On Thursday 13 March 2003 5:21 am, Shane Hathaway wrote:

>  The only vulnerability would involve
> trusted users who want to vandalize Zope.  So even though there have
> been many hotfixes, they are irrelevant--Zope is still secure. (Unless
> you can't trust your trusted users, which is a different problem.)

Of course you cant *completely* trust your trusted users. Thats why we have 
seperate user accounts, and seperate roles.

Zope is sufficiently vulnerable to abuse from trusted users to justify 
concern. The normal zope development model is to consider normal python code 
as trusted - normal python code can do anything without security checks. Zope 
has many normal python methods that can be called by through-the-web code 
(after permission checking). In unix terms this is equivalent to having many 
setuid root programs. IMO concern can be justified without needing to find a 
specific exploit. From this point of view, Jamies advocacy of using Unix 
mechanisms to restrict this 'trusted' python code is valuable.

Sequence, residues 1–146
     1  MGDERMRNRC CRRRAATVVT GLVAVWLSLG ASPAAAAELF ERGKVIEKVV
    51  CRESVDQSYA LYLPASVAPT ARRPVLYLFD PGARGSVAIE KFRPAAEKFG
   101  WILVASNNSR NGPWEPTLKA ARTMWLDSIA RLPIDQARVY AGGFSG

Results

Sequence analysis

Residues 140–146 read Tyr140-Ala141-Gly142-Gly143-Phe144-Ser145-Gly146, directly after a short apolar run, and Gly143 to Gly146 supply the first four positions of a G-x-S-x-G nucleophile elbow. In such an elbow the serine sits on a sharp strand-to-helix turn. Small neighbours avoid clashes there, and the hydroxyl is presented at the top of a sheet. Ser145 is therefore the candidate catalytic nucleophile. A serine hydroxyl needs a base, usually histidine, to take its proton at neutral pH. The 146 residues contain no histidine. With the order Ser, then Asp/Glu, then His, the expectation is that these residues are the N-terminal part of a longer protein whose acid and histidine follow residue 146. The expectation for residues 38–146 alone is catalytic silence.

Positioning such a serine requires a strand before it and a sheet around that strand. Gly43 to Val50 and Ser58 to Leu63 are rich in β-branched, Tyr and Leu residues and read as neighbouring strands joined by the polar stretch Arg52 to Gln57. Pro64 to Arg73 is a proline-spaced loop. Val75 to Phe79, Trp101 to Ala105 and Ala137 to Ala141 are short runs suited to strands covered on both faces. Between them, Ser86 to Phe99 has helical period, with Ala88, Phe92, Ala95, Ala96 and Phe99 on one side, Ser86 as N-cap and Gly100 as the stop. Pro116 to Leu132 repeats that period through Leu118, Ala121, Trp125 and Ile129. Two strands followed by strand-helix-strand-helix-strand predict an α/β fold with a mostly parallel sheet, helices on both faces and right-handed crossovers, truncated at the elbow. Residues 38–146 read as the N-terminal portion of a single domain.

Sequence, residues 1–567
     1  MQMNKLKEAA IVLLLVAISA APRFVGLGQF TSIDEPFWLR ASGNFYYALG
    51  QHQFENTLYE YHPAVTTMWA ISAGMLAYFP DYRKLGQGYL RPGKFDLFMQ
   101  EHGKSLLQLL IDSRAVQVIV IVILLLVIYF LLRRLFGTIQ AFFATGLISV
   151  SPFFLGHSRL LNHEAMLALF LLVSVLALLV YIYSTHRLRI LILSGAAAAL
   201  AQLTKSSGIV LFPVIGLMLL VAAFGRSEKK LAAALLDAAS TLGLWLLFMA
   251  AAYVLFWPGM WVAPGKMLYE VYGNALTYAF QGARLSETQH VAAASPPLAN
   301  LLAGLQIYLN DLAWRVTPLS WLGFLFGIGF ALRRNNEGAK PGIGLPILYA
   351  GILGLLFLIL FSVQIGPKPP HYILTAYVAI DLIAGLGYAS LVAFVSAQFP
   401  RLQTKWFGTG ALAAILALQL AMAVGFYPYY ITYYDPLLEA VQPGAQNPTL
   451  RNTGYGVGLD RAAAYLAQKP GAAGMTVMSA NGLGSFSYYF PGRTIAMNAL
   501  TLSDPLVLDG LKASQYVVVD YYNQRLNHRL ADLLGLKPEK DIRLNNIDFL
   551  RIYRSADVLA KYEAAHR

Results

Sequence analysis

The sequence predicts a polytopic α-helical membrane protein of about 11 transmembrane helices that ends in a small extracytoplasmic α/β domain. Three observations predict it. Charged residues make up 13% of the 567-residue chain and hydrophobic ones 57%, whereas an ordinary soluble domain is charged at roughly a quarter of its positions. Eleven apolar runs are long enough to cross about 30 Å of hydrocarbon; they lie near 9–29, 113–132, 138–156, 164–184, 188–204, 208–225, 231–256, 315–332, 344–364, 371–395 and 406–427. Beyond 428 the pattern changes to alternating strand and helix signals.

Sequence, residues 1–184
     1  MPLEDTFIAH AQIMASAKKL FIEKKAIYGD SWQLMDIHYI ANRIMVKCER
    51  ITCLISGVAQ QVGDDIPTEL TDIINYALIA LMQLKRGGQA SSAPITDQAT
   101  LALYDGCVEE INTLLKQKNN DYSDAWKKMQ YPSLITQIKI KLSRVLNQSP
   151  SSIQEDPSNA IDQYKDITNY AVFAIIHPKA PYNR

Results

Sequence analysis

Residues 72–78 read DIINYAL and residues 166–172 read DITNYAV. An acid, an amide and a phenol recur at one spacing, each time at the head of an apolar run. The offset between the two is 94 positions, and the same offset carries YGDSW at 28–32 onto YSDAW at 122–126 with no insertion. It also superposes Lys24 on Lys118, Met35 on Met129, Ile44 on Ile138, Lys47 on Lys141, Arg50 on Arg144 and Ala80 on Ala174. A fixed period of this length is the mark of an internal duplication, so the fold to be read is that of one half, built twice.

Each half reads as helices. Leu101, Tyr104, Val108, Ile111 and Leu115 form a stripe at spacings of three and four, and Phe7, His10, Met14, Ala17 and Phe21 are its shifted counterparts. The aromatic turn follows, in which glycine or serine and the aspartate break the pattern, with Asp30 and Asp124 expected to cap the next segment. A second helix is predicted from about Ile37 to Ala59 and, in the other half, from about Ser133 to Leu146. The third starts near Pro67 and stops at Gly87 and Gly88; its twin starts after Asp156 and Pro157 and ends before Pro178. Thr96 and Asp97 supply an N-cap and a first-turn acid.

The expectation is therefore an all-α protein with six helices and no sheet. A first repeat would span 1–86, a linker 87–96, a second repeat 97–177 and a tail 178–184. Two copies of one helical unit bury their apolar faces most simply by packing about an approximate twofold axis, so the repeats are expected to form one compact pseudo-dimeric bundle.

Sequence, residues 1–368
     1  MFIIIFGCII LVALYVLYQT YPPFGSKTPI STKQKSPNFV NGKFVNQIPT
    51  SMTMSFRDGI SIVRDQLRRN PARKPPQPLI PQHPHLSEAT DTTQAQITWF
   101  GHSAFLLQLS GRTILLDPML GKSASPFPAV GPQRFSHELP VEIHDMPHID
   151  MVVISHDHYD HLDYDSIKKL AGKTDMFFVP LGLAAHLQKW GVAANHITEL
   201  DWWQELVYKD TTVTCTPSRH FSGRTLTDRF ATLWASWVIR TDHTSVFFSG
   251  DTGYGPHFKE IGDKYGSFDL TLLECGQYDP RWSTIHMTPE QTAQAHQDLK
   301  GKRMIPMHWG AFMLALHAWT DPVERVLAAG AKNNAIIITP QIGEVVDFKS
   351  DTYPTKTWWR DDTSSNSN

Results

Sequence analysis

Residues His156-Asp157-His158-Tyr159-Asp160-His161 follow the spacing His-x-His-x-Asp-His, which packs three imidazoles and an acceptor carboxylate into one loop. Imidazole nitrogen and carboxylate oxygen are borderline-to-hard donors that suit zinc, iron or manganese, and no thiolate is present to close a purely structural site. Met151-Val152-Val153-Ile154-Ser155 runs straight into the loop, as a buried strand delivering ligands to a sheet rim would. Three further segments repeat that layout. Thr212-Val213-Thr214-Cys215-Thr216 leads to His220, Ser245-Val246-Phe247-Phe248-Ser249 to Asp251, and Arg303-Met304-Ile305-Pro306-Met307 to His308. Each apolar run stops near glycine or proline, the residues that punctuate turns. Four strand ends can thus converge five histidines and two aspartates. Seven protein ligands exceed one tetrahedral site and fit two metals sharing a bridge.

On Thursday 13 March 2003 1:58 am, Jamie Heilman wrote:

> I will go on record as saying that, recently, response times to
> security related issues in the Zope2 tree have been disapointing.
> Construe from that what you will.

It is hard to find time for security work among the feature rush of the cvs 
trunk, and without compromising the stability of the maintenance branch.

Would there be any interest from other developers in addressing these 
potential security issues in a *fork* starting with the 2.6 maintenance 

(reply-to set to zope-dev)

Toby Dickenson

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